The relationship between the Biblical God and the Christian believers is an intimate Father-child relationship: “You are the children of the LORD your God. . .” (Deuteronomy 14: 1); “I will be a Father to you, and you shall be my sons and daughters, says the LORD Almighty” (2 Corinthians 6: 18; John 1: 12, 13); “For you did not receive the spirit of bondage again to fear, but you received the Spirit of adoption by whom we cry out, “Abba, Father”. . .” (Romans 8: 15-17; 9: 26); “Behold what manner of love the Father has bestowed on us, that we should be called children of God! Therefore the world does not know us, because it did not know Him” (1 John 3: 1); “For you are all sons of God through faith in Christ Jesus” (Galatians 3: 26; 4: 7; Jeremiah 31: 9; Matthew 6: 9; John 8: 34-36). God is not just the Lord to be obeyed, but also the loving Father to be loved. He expects his adopted children to respond to his love and to love each other. He sanctifies the true followers of Christ, and raises them up to a high spiritual level through his fatherly relationship with them.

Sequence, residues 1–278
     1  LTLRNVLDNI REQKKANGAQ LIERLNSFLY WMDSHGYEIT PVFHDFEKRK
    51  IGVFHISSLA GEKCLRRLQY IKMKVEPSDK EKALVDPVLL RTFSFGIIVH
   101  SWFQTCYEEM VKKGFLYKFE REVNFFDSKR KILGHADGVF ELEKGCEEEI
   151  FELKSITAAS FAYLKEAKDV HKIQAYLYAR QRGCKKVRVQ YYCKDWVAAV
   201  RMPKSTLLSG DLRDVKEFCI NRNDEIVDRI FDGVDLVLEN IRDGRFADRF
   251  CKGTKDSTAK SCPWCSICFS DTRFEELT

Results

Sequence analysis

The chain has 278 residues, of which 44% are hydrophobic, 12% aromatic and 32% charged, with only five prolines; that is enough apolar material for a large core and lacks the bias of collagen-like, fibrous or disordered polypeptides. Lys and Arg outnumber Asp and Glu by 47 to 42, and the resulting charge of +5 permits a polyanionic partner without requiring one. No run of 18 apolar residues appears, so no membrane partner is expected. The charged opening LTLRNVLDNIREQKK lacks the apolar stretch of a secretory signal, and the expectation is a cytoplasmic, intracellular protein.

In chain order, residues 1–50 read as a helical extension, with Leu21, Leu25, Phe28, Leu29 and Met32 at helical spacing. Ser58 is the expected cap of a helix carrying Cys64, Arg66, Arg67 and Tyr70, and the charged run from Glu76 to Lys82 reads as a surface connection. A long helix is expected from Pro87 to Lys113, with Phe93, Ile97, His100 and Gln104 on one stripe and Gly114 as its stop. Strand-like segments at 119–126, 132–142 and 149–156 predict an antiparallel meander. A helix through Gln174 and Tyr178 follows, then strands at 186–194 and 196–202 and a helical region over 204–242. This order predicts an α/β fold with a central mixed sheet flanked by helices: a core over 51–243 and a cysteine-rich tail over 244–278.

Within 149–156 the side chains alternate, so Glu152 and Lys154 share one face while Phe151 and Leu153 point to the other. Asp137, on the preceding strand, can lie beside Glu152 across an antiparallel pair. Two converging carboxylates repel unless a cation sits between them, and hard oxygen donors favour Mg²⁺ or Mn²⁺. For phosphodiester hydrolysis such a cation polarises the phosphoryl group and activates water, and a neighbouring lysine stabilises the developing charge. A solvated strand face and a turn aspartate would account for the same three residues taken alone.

In the parable of the prodigal son (Luke 15: 11-32), the older son was jealous that his father received his penitent younger brother with festivities, whereas he never got anything for his years of service to his father. His father reminded him that he shared with him everything he had, saying “Son, you are always with me, and all that I have is yours” (Luke 15: 31). The apostle Paul reminds the faithful of the similar truth saying, "You are no longer a slave but a son, and if a son, then an heir of God through Christ" (Galatians 4: 7; Romans 8: 17). The legalist self-righteous older son wanted a temporal reward for his service to his father. Although he never transgressed his father’s commandments (Luke 15: 29), he did not love his father and his younger brother. "Though I bestow all my goods to feed the poor, and though I give my body to be burned, but have not love, it profits me nothing" (1 Corinthians 13: 3). The parable closes with the older son outside his father’s house.